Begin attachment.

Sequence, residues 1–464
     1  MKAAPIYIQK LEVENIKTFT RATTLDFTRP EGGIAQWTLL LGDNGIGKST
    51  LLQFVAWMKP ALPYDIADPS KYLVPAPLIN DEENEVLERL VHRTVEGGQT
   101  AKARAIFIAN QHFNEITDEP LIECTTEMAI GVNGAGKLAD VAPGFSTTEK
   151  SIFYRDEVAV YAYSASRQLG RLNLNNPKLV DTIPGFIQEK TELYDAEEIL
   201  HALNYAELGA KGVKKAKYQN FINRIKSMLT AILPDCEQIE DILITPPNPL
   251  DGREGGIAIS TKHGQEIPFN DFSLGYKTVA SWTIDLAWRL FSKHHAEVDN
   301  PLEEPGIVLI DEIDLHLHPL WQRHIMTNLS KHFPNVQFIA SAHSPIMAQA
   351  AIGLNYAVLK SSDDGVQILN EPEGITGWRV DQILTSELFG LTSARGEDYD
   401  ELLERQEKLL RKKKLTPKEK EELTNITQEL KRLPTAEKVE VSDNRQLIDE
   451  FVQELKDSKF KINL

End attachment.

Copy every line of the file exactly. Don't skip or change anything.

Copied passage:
Sequence, residues 1–464
     1  MKAAPIYIQK LEVENIKTFT RATTLDFTRP EGGIAQWTLL LGDNGIGKST
    51  LLQFVAWMKP ALPYDIADPS KYLVPAPLIN DEENEVLERL VHRTVEGGQT
   101  AKARAIFIAN QHFNEITDEP LIECTTEMAI GVNGAGKLAD VAPGFSTTEK
   151  SIFYRDEVAV YAYSASRQLG RLNLNNPKLV DTIPGFIQEK TELYDAEEIL
   201  HALNYAELGA KGVKKAKYQN FINRIKSMLT AILPDCEQIE DILITPPNPL
   251  DGREGGIAIS TKHGQEIPFN DFSLGYKTVA SWTIDLAWRL FSKHHAEVDN
   301  PLEEPGIVLI DEIDLHLHPL WQRHIMTNLS KHFPNVQFIA SAHSPIMAQA
   351  AIGLNYAVLK SSDDGVQILN EPEGITGWRV DQILTSELFG LTSARGEDYD
   401  ELLERQEKLL RKKKLTPKEK EELTNITQEL KRLPTAEKVE VSDNRQLIDE
   451  FVQELKDSKF KINL